Aurora Ghimire was only four months into her pregnancy when lower back pain struck. A pre-school teacher in Sacramento, the 33-year-old was thrilled to be expecting her first child with husband Sudhir, a construction company vice president. After driving home to Fairfield every evening, she’d find herself in excruciating pain.
“I’d be on the sofa with an ice pack on my back,” she recalls.
“OMM is a hands-on approach to pain and it can help everyone from newborns to the elderly.”
—Angela Lim, D.O.
She visited her doctor at the Center for Women’s Health to make sure everything was progressing properly with the baby and to find out whether the pain indicated any kind of a problem.
“I was gaining the right amount of weight, and the baby was growing fine,” she says. “But the pain was so bad, I couldn’t get up or move at all.”
Her physician told her she could take a Tylenol a day, but Aurora wasn’t keen on the idea of daily medication. There was another option, one in fact that that her doctor had chosen during her own pregnancy: Aurora could try an Osteopathic Manipulative Treatment—called OMT—with Angela Lim, D.O.
“I’ve never heard of a doctor who did that before. I didn’t even know what it was,” says Aurora. “But the first time I saw her, it made a huge difference. I was able to get up and walk out of there. It was like a miracle.”
Dr. Lim is board-certified in family medicine and neuromusculoskeletal medicine and joined NorthBay’s Center for Primary Care in 2010. In September 2011, she shifted her family-based practice—located at the VacaValley Health Plaza in Vacaville—to focus entirely on Osteopathic Manipulative Medicine, or OMM, and has had tremendous success.
“It’s a hands-on approach to pain,” explains Dr. Lim, “and it can help everyone from newborns to the elderly.” Dr. Lim emphasizes that while some patients experience great relief, not everyone reports such dramatic results.
“For some patients, the goal is to increase function, acknowledging that there may be only a reduction— not an elimination—in pain,” she says. “OMT is not a miracle, even though it might feel that way to someone who has been in pain. It is rooted in science and based on human anatomy and physiology.”
Dr. Lim uses her hands to move muscles and joints, using techniques that include stretching, pressure and resistance. “I’m not a chiropractor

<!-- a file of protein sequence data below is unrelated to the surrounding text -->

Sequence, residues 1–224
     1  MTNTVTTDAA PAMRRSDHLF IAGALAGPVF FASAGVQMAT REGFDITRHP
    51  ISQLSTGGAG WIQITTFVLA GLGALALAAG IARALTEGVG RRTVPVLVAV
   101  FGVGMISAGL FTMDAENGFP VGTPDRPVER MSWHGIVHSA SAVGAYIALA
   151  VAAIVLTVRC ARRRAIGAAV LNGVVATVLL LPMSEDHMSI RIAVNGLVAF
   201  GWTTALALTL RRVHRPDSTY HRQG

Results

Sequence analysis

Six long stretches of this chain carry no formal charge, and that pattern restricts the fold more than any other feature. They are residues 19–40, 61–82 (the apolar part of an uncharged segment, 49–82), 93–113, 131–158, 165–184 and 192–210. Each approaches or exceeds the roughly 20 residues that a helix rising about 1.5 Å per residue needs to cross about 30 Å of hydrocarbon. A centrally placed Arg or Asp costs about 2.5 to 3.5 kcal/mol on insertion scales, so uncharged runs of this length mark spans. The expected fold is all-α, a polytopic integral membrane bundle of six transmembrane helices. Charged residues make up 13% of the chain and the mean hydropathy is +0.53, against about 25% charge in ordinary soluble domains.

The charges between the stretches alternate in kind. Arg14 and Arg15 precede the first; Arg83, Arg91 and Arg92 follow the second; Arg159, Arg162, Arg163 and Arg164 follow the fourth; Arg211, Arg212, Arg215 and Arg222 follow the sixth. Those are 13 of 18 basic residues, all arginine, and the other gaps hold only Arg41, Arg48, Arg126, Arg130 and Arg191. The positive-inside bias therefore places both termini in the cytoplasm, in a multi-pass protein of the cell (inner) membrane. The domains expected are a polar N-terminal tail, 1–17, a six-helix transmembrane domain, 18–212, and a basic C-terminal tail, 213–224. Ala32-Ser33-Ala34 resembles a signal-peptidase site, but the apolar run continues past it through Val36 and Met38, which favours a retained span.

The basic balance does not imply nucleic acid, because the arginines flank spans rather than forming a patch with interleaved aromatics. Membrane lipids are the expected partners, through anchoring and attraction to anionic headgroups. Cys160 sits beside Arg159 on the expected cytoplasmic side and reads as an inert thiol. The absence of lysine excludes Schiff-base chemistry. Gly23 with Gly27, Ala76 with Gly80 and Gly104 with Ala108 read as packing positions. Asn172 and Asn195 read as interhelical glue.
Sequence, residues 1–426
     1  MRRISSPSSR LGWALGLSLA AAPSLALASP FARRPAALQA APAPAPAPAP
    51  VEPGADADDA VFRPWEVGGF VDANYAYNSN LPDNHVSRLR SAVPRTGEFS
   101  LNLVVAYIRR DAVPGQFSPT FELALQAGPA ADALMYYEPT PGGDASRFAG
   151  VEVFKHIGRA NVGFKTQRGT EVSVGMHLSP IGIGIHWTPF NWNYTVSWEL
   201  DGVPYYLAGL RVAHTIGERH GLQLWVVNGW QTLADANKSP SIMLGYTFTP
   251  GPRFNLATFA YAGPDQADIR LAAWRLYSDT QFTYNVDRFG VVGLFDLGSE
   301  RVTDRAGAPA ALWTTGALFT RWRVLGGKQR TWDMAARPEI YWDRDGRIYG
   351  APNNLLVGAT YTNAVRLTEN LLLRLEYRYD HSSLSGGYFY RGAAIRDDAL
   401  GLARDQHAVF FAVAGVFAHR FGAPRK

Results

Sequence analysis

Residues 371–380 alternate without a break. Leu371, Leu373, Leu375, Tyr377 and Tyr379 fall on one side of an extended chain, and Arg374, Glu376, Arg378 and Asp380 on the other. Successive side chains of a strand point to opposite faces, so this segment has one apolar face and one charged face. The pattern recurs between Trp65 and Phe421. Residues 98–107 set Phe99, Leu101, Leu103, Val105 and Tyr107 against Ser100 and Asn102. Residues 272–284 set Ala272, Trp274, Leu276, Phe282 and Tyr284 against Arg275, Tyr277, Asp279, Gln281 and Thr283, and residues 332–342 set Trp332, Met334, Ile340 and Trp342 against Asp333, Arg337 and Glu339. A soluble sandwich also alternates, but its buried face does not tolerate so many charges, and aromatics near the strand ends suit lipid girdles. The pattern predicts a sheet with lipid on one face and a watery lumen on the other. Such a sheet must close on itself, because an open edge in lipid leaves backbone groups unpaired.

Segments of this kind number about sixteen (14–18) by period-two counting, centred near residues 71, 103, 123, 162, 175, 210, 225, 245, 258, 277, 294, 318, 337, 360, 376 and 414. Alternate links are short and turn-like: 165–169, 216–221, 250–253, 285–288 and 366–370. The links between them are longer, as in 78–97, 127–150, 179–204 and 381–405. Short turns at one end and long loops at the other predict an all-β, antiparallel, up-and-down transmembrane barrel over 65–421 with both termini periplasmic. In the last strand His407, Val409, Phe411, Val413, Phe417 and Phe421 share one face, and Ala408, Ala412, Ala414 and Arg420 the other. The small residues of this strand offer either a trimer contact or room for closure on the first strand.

and I don’t do massage,” she explained. “But the treatments I provide for my patients often give them immediate and sometimes long-term relief.”
Aurora’s husband, Sudhir, was stunned at the difference in his wife after the very first treatment. “You’re not stuck to the sofa any more,” she remembers him exclaiming.
After that, she became a regular visitor to Dr. Lim, and credits her with “miracle hands” that helped her through the pregnancy. “I would recommend her to any pregnant woman with back pain—or anyone with back pain,” says Aurora. “I consider it a real blessing that I was able to meet Dr. Lim, she’s a wonderful doctor.”
Dr. Lim even squeezed Aurora in for a session on the morning that her labor was induced.
Siddhartha Francisco Ghimire was born at 9 pounds, 1 ounce on Feb. 8, happy and healthy. His mother still has some lower back pain, and when she does, she schedules a visit to Dr. Lim.
“It’s given me my life back,” says Aurora. “I can be active, and move without pain, keep an eye on my baby and on my preschoolers.”
A Hands-on Approach to Pain
Osteopathic Manipulative Medicine, or OMM, is a hands-on approach to pain, which takes a patient’s musculoskeletal, circulatory, lymphatic and nervous system into account.
The practice was established in the 19th century by Dr. Andrew Taylor and involves the physician using their hands to move muscles and joints, using techniques that include stretching, resistance and pressure.
In addition to back pain, it has proven useful to patients who suffer migraines, asthma, infections and even constipation.